Thursday, July 14, 2011
Maj. Zalmon Ludington and Brigadier Gen. Marshall Independence Ludington
"The body of Major Sealman [sic.] Ludington, who died in Philadelphia at the residence of his son, Marshall J. [sic.] Ludington [3406 Powelton Ave.]. on Sunday, was buried here to-day. Major Ludington was a soldier in the war of 1812 and was president of the Philadelphia Survivor's Association of Veterans of that war, which at its last meeting, three years ago, contained only six members." (Phila. Inquirer, April 25, 1889)
The Zalman family had a long history of serving in the army. Zalmon Ludington was the grandson of Comfort Ludington who was a Captain in the Dutchess Co. Militia during the Revolutionary War. Zalman served as a Private in Col. Churchill’s Regiment of the New York Militia from 1812 to 1815. After the War, he settled in Uniontown, Pa. where he had a shoe and leather business. He was awarded two patents for improvements to machinery for pressing peat into molds and drying it. All four of his sons fought in the Civil War.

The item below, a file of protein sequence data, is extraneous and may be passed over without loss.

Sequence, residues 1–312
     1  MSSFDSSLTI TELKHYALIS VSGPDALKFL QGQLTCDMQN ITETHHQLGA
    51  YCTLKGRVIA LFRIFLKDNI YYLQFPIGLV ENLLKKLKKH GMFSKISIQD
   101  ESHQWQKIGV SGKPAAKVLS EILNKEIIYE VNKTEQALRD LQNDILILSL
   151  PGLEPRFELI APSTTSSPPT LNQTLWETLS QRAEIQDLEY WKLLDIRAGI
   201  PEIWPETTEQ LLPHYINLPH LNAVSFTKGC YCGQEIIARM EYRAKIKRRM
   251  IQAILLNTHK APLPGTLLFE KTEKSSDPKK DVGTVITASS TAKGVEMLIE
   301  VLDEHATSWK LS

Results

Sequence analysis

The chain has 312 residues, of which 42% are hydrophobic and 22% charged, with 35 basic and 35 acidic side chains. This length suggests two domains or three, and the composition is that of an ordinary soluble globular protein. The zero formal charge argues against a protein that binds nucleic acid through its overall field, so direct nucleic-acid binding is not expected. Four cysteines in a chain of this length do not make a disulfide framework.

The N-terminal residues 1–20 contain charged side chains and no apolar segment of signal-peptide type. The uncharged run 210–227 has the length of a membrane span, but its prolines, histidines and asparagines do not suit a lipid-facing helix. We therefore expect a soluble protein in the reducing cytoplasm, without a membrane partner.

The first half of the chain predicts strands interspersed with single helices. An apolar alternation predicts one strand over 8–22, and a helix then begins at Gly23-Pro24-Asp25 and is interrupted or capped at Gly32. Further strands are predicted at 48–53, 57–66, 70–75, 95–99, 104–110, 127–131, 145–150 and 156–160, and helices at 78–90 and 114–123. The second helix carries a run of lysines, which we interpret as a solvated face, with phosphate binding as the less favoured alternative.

Marshall I. Ludington was born in Smithfield, Pa. on Independence Day, 1839. He joined the Army during the Civil War as a Captain and assistant quartermaster of volunteers. He participated in the battles of Fredericksburg, Chancellorsville, Gettysburg, and the Battle of the Wilderness. After the war, he joined the Regular Army as an assistant Quartermaster and served in New Mexico, Washington, D.C. and Nebraska.
In 1883, Ludington was appointed Depot Quartermaster in Philadelphia. It was the main depot for the purchase of clothing, tenting, and other equipment for the Army. He and his wife moved to 3406 Powelton Ave. which provided easy travel to his office at 1428 Arch St. He served here for 6 years before being transferred to San Francisco. After several promotions, he became Chief Quartermaster of the Department of the East. President McKinley appointed him Quartermaster General on February 3, 1898, just twelve days before the destruction of the battleship Maine in Havana harbor. Months before his appointment, he is credited with pushing preparations for a possible war and quickly reversing a long period of low funding for the Army during decades of peace. In 1903, Gen. and Mrs. Ludington retired to her childhood hometown, Skaneateles, N.Y.